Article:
- Waterproof earphones As I've noted previously, a waterproofed iPod is fantastic for pool-running. It may just be your best friend. But there's no need to waste $30+ on waterproof headphones for pool-running. I've tried both waterproof headphones and ultracheap normal headphones. The sound quality is the same in both (mediocre), and the waterproof headphones have not lasted any longer. Save your money.
- Water shoes Every once in a while, I'll speak to someone who will recommend water shoes for pool-running. They've never been able to explain exactly how the shoes help, other than keeping your feet from being abraded when they make contact with the pool floor. Since you're in deep water, the time your bare feet spend touching the concrete is limited to pool entry/exit, plus crossing the deck. No need here.
- Water ankle weights The theory here is that by using these weights, you increase the resistance against your feet and up the intensity of your workout. Makes sense in a way. Except for the fact that pool-running tends to overemphasize the hip flexors and underemphasize the glutes, as opposed to land running. And weights are just going to amplify that discrepancy, making your pool-running less like land-running. Skip the weights, and just move your legs faster to increase intensity.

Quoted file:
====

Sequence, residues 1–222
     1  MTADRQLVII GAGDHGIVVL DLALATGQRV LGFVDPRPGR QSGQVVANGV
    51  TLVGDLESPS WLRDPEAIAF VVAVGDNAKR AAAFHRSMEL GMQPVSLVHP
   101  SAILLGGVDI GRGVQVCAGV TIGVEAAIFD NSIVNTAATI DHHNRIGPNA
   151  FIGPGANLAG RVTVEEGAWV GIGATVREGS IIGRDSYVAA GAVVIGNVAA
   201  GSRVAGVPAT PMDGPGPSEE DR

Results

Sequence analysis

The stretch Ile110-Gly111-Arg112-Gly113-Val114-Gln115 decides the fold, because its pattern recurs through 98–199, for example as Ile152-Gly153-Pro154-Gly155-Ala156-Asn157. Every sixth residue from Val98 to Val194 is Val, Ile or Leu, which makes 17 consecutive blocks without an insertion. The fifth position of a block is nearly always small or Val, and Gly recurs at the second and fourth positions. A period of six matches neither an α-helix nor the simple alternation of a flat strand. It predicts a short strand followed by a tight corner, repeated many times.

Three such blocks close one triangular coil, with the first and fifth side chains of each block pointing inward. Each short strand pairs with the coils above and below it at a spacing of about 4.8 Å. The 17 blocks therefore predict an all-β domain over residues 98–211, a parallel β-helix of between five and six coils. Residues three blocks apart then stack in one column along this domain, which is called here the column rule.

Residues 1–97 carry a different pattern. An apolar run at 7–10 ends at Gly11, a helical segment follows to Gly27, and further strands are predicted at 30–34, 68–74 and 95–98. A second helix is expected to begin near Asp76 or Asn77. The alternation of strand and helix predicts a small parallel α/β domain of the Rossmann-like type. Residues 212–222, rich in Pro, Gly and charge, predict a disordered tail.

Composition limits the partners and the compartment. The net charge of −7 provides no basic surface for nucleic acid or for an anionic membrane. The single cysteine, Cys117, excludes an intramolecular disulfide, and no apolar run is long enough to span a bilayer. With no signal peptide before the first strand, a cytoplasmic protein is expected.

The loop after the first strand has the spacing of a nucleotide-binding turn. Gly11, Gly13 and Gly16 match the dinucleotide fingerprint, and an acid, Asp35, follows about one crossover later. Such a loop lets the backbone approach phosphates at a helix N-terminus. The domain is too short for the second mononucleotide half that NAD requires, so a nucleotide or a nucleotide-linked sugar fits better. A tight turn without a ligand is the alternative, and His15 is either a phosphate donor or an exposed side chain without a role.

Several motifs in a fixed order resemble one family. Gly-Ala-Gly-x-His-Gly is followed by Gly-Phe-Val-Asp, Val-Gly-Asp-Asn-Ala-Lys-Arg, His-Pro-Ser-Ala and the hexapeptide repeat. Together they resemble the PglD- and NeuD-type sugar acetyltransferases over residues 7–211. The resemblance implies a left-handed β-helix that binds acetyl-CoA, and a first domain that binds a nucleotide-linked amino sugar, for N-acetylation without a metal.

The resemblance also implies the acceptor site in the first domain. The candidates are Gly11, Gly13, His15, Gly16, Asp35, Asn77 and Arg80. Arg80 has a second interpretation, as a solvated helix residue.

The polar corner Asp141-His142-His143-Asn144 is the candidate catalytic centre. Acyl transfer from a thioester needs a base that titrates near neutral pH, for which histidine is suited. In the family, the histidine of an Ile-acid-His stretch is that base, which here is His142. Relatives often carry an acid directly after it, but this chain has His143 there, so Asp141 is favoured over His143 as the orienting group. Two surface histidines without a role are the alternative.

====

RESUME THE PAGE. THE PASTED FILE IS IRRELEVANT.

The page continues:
- Water barbells These are essentially dumbbells made of foam; by holding them in your hands to float, you increase the intensity of your workout, and also work on upper body strength. Some people are big fans of them, because they increase intensity and make pool-running a full body workout. The latter point is exactly my issue with these. I want my pool-running to mimic land running as much as possible -- if I want increased intensity and upper body strength, I'll just swim instead. Additionally, I think there's a risk that these encourage overuse of the upper body while running. One of the things I'm always trying to work on is keeping my upper body as relaxed as possible while running; these dumbbells strike me as counterproductive and promoting bad running form. (I'll note that many people disagree with me here.)
- Wall timer or watch In all fairness, it's really easier to do interval workouts when you have access to something that shows time to the second. And I LOVE my Garmin 310xt. But a timer isn't essential. If you don't have one, simply structure your interval workout by distance instead -- i.e. 20 laps is a tempo, or an interval is one and a half laps, with the recovery being the remaining half lap. It really works quite well, as long as you take care not to "cheat" and cover the distance too quickly by doggie-paddling instead of pool-running.
- Noodles Noodles are big with the aqua aerobics crowd. I don't really see how a pool-runner would ever need such, though. Of course, they are quite useful during the swim portion of a triathlon, so don't discount them for that purpose...
Thursday, September 8, 2011
Stuff that is NOT useful for pool-running
Due to this being nominally a pool-running blog, I have quite a few posts dedicated to things that are useful for pool-running. However, there are quite a few things out there that are NOT necessary, IMHO.